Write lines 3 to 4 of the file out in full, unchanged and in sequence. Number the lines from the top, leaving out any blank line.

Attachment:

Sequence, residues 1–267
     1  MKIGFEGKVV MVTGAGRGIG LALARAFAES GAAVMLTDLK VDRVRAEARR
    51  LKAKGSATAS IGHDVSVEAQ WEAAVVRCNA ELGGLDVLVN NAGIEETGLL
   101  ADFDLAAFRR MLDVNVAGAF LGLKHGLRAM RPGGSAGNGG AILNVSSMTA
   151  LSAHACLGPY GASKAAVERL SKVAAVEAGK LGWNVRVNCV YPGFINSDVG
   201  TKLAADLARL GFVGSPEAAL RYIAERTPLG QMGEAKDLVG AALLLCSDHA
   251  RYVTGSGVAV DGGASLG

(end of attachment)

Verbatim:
    51  LKAKGSATAS IGHDVSVEAQ WEAAVVRCNA ELGGLDVLVN NAGIEETGLL
   101  ADFDLAAFRR MLDVNVAGAF LGLKHGLRAM RPGGSAGNGG AILNVSSMTA